What Does Science Have To Do With Atheism?


What does science have to do with atheism?

Atheists and atheist writers yak about science a lot. Myself included. If you read a lot of atheist writing, you might think atheists are laboring under the delusion that atheism is a prerequisite for practicing science… and/or that science has somehow proven religion wrong.

For the record: I don’t think either of those things is true. (And neither does any other atheist I know.) I know that good scientists can be religious believers; in fact, until this century, almost all scientists were religious believers. And I am under no illusion that science has conclusively disproven the existence of God.

But I do think there’s a real — and strong, and completely valid — connection between atheism and science.

What is it?

Why do atheists talk so much about science? Why do we act as if science is our natural ally? If atheism isn’t necessary to practice good science, and if science doesn’t prove atheism right, then what’s the connection between the two?

Here’s the connection. It’s actually pretty straightforward.

1: Science disproves specific religious claims.
2: Science makes religion unnecessary as a way to explain the world.
3: Science provides an alternate method for understanding reality.

Let’s take these one at a time, shall we?

1: Science disproves specific religious claims.

Science will probably never be able to prove all religion to be unquestionably mistaken. (If for no other reason, it’s notoriously difficult to conclusively prove that something doesn’t exist.)

But if your religion claims that the Earth was created 6,000 years ago? That there was, in recorded human history, a gigantic planet-wide flood that wiped out almost every living thing? That humans were created in one shot out of whole cloth — or whole dirt — and plonked down on the earth by the hand of God in basically the same form we’re in now?

Science sure has something to say about that.

“No” is what science has to say about that.

Got soul

And that’s not just true of the more extreme wackaloon claims of religious belief. If you believe evolution happened but God nudged it along in the direction he wanted? Science can’t definitively disprove that… but in pointing to the deeply flawed, seemingly pointless, Rube Goldberg nature of so much of the “design” of living things, it sure can make the idea look wildly implausible. If you believe you have an immaterial soul that’s the ultimate recipient of your perceptions and the ultimate source of your choices and actions? Science can’t definitively disprove that — yet — but in pointing to all the ways that physical changes to the brain shape our perceptions, our choices, our actions, our sense of self, everything we think of as the soul, the sciences of neurology and neuropsychology sure are putting a dent in it. Etc., etc., etc.

And in doing all this, science doesn’t just disprove specific claims of specific religions. It repositions religion as just another hypothesis about the world. It pushes religion into the marketplace of ideas, as just one other idea among many, with no special privileges and no automatic right to any unusual respect. And then it sits there expectantly, waiting for religion to defend itself. (At which point, atheism swoops in to actually do battle with religion… in an arena where religion has never really had to stand on its own.)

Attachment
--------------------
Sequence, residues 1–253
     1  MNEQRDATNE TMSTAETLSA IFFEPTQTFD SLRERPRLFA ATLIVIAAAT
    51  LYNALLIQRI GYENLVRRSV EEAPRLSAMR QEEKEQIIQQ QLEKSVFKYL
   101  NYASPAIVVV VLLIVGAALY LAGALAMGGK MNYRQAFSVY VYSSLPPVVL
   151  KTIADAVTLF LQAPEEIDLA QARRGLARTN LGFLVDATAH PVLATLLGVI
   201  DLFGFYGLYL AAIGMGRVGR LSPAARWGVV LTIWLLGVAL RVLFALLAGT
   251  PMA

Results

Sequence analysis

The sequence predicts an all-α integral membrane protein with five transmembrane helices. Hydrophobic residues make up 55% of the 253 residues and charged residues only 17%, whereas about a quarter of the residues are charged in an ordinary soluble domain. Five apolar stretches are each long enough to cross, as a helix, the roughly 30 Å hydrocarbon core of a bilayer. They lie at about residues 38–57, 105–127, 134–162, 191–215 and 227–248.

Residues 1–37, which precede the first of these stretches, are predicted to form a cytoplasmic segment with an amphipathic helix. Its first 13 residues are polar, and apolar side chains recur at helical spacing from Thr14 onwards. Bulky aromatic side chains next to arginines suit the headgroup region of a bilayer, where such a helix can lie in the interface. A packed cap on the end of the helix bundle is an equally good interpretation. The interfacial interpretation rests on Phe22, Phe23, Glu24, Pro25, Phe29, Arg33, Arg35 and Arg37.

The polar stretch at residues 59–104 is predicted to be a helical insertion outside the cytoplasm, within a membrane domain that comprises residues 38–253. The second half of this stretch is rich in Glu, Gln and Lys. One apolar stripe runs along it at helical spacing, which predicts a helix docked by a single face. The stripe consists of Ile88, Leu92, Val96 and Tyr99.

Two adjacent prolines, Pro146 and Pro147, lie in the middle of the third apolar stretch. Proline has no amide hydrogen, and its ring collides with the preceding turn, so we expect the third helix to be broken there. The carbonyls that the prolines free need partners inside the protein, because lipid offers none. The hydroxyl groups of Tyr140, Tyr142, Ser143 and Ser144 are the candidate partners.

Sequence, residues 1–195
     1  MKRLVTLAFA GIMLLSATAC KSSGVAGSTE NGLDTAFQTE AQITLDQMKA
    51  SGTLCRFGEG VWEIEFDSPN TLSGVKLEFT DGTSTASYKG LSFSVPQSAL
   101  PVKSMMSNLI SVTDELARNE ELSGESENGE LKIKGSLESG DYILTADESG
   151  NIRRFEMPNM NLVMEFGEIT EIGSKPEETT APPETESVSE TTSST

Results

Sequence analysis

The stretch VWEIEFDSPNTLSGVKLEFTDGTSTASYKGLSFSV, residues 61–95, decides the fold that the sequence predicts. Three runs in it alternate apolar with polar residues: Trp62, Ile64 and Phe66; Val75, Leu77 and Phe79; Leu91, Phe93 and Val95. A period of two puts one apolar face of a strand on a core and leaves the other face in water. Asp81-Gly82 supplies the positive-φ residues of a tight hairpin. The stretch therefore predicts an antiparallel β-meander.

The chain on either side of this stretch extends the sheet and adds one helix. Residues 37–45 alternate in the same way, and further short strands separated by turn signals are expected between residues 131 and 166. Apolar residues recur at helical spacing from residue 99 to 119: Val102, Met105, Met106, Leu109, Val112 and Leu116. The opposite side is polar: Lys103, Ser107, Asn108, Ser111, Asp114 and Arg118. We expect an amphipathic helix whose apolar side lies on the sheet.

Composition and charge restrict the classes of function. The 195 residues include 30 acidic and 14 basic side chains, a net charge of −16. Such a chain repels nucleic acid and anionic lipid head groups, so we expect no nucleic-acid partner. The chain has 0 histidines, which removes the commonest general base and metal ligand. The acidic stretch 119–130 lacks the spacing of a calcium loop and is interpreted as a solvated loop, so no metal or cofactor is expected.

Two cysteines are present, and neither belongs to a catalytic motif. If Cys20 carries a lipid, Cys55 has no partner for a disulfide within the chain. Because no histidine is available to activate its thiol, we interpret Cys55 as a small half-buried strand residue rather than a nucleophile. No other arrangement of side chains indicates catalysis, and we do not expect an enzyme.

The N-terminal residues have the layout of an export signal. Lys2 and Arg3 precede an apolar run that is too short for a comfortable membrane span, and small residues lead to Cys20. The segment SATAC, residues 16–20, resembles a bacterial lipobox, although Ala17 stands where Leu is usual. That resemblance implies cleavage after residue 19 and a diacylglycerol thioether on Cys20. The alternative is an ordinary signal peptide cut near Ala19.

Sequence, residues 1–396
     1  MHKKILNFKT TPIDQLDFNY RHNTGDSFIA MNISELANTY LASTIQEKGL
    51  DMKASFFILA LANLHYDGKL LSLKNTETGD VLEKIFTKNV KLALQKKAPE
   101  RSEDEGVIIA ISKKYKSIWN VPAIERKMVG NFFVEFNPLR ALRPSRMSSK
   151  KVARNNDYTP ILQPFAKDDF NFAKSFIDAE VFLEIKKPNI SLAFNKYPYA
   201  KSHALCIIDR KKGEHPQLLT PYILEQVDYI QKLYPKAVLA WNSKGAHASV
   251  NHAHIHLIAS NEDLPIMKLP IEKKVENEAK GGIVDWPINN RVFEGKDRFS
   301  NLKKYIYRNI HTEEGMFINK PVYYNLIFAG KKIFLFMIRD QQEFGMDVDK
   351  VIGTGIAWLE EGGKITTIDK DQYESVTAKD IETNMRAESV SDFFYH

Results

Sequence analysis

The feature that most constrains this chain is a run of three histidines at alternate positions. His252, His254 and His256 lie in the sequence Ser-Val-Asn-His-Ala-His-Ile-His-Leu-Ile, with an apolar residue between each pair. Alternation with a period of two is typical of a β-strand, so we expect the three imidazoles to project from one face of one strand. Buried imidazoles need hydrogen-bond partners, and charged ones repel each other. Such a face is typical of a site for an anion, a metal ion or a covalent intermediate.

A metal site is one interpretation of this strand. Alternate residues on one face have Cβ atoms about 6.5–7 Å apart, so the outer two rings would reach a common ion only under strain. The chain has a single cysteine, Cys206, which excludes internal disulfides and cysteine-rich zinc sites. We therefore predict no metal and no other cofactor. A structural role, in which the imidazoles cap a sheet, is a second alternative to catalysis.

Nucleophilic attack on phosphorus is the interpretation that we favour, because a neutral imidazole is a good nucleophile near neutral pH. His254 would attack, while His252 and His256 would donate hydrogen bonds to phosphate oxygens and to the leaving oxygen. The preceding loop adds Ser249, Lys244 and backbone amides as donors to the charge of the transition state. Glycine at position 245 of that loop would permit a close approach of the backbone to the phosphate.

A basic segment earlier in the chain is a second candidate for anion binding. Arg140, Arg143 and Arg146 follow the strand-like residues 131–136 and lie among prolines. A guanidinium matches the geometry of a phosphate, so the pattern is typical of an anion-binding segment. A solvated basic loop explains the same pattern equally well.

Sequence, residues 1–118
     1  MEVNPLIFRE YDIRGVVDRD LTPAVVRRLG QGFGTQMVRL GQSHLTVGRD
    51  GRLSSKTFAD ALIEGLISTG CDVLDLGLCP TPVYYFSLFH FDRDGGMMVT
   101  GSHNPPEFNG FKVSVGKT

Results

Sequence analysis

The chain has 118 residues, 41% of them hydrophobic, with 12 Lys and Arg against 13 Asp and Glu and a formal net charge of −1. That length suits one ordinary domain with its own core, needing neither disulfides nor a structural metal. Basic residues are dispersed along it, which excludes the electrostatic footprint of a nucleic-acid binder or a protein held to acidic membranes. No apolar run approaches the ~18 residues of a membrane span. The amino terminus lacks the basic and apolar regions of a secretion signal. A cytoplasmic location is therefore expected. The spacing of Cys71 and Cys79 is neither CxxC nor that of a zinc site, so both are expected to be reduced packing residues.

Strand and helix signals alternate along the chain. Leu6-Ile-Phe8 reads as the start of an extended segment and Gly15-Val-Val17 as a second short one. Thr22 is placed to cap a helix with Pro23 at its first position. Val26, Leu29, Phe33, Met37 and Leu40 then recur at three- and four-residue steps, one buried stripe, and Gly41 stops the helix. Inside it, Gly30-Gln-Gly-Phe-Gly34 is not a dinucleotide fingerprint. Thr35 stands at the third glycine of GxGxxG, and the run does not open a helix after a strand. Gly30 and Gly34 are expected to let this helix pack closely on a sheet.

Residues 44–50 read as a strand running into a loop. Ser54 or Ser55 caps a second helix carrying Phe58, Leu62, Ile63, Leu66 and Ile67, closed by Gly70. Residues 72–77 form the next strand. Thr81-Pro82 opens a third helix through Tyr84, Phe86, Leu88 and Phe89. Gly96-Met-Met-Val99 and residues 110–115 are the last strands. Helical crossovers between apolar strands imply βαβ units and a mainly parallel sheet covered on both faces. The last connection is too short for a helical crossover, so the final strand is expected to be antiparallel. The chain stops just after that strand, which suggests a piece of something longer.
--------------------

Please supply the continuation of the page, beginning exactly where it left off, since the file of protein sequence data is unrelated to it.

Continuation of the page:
But I’m getting ahead of myself. That’s actually a point all its own, and I’m not quite there yet. For now, let’s move on to:

2: Science makes religion unnecessary as a way to explain the world.

Lightning in hand

Once upon a time, hundreds and thousands of years ago, there really wasn’t any better explanation for the world than religion. There were all these questions, like: Where does weather come from? Where do the seasons come from? Where did people come from? Why does the sun rise and set? Why do people get sick? Why do children look like their parents? We didn’t have good answers to these questions, and for millennia, the best answers we came up with came from religion. Of course all this happened because of gods and spirits. Like, duh.

But now, almost all the major questions that religion once answered have gotten far better answers from science. Over the last few hundred years, science has given us a relatively coherent picture of the world and the universe we live in — a picture that’s enabled us to explain, predict, and shape the world, with an astonishing degree of precision and accuracy.


Sure, there’s a handful of those old questions that are still unanswered. What exactly is consciousness and selfhood? How did the process of life begin? What is the origin of the universe itself? But these are being worked on by science even as we speak. And given the track record of scientific explanations for things replacing supernatural ones thousands upon thousands of times, versus supernatural explanations for things replacing natural ones exactly never… well, let’s just say that if you’re betting on religion over science to answer these questions with any degree of certainty, you’re really not playing the odds.

In other words:

When it comes to explaining why the world is the way it is, science doesn’t conclusively disprove religion.

It simply makes it unnecessary.

Which is a pretty important connection.

And now we come to what I think is the biggest, bestest, most important connection of all between atheism and science:

3: Science provides an alternate method for understanding reality.

Cave painting

Once upon a time yet again, the method we had for figuring out what was and wasn’t true about the world was a combination of basic observation, personal intuition, basic analysis based on pattern recognition and past experience, believing what everyone else believed, and trusting in authorities who had lived longer than us, and studied harder than us, and presumably knew more than we did. Or else trusting in books and texts written by long-dead versions of those authorities. (A method that, I feel compelled to point out, did keep us fed and sheltered and safe from tigers, for a very, very long time.)